1

I would probably first try the method of contacting the user that has been mentioned by others (i.e. @ping the person on a question where an edit of theirs was approved). Users who are conscientious enough to be editing posts with good changes will often respond positively (or at least change their behavior) when something they are doing wrong is politely explained to them. If they did not change, I might start Rejecting and Editing.

A somewhat more drastic solution would be to Reject & Edit. You could then do exactly the same edits, but with a clear edit summary.

Arguably, Reject & Edit is actually the correct thing to do. The period of time where users don't have enough reputation to edit posts without having those edits reviewed is intended to provide those users with time to learn the correct way to edit a post. Edit summaries explain the changes for reviewers, for the OP, and in the edit history. Having garbage in the edit summary is detrimental for all uses. Thus, intentionally providing garbage for the edit summary is clearly not the correct thing to do when editing a post.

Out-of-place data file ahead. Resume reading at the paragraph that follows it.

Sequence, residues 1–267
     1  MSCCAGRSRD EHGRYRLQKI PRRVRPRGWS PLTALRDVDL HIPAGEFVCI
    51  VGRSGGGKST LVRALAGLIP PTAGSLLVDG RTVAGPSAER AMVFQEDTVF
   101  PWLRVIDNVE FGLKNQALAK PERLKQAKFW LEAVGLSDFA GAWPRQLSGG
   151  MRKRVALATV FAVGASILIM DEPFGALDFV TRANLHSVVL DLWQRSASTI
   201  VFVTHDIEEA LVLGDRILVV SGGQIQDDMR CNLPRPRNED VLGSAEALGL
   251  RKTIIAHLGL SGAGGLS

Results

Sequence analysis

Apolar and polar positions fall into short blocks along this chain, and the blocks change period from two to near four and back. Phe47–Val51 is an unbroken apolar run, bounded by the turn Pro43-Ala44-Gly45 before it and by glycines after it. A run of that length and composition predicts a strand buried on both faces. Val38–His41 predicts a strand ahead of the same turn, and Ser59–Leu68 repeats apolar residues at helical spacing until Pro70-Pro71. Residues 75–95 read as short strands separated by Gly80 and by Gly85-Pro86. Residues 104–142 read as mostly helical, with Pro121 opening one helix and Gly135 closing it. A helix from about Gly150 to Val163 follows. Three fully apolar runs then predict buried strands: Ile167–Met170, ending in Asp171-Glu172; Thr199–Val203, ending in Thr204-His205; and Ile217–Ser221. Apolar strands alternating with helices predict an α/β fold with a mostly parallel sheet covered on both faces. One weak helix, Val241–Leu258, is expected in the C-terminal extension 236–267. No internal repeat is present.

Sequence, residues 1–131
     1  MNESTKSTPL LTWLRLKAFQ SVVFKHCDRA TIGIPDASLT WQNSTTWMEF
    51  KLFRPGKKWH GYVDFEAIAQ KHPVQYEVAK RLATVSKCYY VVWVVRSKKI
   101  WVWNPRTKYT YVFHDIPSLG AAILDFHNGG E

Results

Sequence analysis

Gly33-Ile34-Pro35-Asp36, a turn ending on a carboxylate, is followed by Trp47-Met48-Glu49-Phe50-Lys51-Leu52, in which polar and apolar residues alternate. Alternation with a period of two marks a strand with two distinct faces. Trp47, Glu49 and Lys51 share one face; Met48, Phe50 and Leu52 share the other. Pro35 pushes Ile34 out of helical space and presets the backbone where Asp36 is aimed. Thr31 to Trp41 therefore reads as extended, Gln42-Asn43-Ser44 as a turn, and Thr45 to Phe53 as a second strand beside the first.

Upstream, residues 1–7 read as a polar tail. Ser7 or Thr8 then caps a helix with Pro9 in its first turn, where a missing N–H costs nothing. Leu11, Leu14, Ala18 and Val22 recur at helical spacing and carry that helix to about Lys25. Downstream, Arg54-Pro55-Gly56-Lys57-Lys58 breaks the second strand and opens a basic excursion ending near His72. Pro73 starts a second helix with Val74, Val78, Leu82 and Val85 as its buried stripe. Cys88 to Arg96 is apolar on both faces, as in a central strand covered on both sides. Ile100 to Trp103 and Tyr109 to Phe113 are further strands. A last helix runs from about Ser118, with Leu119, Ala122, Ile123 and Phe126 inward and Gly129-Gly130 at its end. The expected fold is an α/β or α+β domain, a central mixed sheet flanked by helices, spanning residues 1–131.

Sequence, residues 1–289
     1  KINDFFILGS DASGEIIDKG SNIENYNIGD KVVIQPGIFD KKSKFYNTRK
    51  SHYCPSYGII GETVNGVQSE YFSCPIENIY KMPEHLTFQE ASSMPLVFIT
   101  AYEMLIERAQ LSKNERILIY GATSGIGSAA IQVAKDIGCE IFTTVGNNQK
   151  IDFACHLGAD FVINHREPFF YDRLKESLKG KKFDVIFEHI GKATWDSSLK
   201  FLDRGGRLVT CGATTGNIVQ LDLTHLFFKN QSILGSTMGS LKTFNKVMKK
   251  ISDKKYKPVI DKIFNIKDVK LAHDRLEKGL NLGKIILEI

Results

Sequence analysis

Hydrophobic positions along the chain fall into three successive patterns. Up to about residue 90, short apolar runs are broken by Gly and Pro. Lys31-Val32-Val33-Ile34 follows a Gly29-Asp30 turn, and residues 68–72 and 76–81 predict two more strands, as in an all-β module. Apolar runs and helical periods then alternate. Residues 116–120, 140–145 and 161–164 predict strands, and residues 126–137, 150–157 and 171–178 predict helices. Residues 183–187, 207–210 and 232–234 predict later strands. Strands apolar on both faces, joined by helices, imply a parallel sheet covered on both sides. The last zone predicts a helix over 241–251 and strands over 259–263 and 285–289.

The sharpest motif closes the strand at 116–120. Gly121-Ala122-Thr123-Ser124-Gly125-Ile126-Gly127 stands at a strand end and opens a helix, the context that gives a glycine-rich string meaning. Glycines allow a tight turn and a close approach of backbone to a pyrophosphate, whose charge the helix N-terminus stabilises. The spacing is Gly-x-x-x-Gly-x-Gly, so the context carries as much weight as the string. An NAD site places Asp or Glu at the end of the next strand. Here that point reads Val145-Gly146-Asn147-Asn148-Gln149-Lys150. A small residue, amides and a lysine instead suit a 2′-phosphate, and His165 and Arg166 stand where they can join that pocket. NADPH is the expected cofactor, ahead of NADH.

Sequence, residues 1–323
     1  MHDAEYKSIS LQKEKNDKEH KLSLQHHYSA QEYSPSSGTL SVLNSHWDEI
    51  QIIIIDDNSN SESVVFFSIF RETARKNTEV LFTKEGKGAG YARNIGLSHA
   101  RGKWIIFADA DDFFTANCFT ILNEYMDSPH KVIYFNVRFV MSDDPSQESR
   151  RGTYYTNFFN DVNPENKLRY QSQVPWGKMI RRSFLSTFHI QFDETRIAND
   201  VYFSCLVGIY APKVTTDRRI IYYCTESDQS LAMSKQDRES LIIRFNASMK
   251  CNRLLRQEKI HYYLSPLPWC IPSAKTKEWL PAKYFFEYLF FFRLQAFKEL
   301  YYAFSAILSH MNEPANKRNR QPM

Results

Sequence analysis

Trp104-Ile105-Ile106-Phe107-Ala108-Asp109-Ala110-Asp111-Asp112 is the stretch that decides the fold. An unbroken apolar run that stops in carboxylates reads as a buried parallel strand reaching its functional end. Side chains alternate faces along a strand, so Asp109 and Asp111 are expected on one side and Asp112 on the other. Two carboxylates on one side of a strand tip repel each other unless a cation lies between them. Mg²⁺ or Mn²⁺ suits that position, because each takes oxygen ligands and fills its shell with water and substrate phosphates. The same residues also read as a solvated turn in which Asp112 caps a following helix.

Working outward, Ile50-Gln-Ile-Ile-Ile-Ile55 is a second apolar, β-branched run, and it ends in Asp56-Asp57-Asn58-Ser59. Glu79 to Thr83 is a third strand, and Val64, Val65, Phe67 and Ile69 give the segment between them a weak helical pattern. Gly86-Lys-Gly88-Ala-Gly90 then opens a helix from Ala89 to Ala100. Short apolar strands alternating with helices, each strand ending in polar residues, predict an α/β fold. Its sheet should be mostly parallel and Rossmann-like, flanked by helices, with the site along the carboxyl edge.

• While i agree that an edit summary is good to have, the argument that it is important enough go warrant rejecting an otherwise good edit doesn't make sense to me because 2K users do not have to provide summaries. If they were that important, it would be a required fields for everyone – psubsee2003 Dec 1 '16 at 0:47